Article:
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Applied Interdisciplinary Mathematics (AIM) Seminar | Probing the Cores of Massive Stars through their Surface

Daniel Lecoanet (Princeton University)
Friday, March 19, 2021
3:00-4:00 PM
Stars are opaque, which makes it difficult to study their interiors. Recent space-based telescopes have led to the new field of asteroseismology: by measuring global oscillation modes of a star, you can infer its interior properties. Massive stars have convection in their cores which can generate waves, which might be detectable at the surface. In the first part of this talk, I will describe a heuristic way of estimating wave generation by convection, and compare it to high-resolution numerical simulations in Cartesian geometry. To make quantitative predictions to compare with observations, one must run simulations in spherical geometry. In the second part of my talk, I will present a new spectral algorithm for solving nearly arbitrary, tensorial PDEs in spherical coordinates. The challenge is to devise bases which respect regularity conditions at r=0, which depend on the rank of the tensor. The algorithm can be easily applied to the problem of wave generation by convection in stars, as well as a wide range of other problems in stellar astrophysics, core geophysics, and planetary sciences.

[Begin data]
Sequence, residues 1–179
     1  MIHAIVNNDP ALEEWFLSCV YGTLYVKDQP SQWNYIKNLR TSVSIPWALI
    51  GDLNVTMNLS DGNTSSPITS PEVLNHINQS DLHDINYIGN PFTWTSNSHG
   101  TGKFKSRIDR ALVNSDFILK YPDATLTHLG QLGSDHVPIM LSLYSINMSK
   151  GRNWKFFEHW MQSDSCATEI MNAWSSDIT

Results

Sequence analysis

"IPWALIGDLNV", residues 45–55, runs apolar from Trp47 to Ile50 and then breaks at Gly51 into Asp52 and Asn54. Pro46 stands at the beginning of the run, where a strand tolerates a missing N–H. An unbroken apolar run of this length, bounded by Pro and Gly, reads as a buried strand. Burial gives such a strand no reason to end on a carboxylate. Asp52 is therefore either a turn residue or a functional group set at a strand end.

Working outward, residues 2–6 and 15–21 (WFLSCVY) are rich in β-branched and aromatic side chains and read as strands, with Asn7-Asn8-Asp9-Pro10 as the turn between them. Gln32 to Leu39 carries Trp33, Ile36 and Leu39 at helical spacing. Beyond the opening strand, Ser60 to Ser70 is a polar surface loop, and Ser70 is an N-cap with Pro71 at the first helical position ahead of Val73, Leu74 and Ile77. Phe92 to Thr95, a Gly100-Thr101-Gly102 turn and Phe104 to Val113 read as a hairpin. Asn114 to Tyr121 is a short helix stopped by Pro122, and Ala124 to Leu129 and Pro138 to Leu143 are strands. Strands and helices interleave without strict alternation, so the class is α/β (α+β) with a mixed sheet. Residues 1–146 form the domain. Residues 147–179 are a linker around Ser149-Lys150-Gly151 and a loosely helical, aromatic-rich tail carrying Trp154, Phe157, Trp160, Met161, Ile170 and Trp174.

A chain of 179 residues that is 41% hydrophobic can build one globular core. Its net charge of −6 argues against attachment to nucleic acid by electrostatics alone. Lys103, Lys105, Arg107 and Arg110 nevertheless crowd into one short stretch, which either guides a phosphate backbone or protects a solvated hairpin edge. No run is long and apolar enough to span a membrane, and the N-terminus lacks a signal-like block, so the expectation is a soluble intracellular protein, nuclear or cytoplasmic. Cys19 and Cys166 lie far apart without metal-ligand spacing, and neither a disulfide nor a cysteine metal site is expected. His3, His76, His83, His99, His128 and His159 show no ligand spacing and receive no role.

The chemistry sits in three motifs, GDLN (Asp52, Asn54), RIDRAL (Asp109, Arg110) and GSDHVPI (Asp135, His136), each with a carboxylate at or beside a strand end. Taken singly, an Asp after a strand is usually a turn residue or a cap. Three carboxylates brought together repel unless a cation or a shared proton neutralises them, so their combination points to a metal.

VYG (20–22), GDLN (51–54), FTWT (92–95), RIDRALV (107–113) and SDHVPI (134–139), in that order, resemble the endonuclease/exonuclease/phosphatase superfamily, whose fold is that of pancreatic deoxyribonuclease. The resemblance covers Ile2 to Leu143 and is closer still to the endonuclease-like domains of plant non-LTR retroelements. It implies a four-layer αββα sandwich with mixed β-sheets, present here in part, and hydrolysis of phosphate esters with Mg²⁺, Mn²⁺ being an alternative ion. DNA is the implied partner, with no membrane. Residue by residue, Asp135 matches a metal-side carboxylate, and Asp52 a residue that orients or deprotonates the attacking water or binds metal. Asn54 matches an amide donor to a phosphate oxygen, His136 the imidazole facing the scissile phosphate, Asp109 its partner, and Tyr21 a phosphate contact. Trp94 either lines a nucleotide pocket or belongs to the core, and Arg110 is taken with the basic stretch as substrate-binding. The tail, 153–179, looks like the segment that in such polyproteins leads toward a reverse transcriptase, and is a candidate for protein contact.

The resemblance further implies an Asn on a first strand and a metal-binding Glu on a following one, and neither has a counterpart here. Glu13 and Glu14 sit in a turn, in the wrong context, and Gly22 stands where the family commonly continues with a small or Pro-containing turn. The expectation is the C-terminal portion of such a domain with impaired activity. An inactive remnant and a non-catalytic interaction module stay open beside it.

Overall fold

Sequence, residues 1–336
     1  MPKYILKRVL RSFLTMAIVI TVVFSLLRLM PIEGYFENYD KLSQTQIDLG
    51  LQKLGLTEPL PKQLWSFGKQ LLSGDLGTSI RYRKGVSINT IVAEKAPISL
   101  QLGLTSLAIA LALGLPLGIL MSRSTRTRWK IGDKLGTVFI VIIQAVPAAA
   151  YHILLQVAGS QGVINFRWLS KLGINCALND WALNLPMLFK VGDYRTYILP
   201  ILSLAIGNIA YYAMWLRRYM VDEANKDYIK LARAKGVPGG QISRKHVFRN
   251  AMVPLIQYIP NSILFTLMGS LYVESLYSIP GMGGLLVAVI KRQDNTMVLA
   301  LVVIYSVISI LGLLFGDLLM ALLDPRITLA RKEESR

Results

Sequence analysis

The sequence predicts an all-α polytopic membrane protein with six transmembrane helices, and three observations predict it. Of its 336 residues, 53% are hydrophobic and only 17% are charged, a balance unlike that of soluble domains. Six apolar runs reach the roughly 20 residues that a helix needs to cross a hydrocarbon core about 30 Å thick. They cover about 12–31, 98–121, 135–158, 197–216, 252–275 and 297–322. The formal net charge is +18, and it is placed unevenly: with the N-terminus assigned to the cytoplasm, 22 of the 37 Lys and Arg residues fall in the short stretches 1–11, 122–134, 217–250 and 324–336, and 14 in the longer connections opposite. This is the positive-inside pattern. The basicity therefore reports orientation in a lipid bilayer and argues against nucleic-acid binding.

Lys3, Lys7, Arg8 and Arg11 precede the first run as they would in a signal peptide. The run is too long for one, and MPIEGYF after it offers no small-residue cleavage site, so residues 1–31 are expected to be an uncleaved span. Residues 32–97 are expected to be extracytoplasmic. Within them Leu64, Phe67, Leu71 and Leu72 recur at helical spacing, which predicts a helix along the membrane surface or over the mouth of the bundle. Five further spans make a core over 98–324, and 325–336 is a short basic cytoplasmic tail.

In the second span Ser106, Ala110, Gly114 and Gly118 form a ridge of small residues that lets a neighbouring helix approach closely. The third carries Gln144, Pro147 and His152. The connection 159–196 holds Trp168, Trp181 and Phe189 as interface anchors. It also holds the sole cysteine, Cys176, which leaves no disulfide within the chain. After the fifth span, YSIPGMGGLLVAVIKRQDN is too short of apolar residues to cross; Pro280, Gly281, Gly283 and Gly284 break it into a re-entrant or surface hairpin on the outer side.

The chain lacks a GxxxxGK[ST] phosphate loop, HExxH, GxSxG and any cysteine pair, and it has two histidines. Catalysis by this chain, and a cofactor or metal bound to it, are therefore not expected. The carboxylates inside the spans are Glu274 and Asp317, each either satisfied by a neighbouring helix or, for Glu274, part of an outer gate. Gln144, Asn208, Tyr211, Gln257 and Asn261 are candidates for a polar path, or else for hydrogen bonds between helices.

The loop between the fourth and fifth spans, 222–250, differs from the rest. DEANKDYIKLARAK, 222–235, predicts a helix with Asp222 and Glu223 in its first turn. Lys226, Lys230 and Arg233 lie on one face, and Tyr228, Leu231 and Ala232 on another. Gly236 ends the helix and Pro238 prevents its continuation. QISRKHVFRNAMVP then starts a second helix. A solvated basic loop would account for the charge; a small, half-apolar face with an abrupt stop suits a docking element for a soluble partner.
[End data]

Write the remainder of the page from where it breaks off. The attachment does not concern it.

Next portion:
Please contact Charlie Doering ( with any questions.
Building: Off Campus Location
Location: Virtual
Event Link:
Event Password: 010182
Event Type: Workshop / Seminar
Tags: Astronomy, astrophysics, Faculty, Free, Graduate Students, Physics, Science, Undergraduate Students
Source: Happening @ Michigan from Department of Physics, Department of Astronomy, The Center for the Study of Complex Systems, LSA Biophysics, Astronomy Colloquia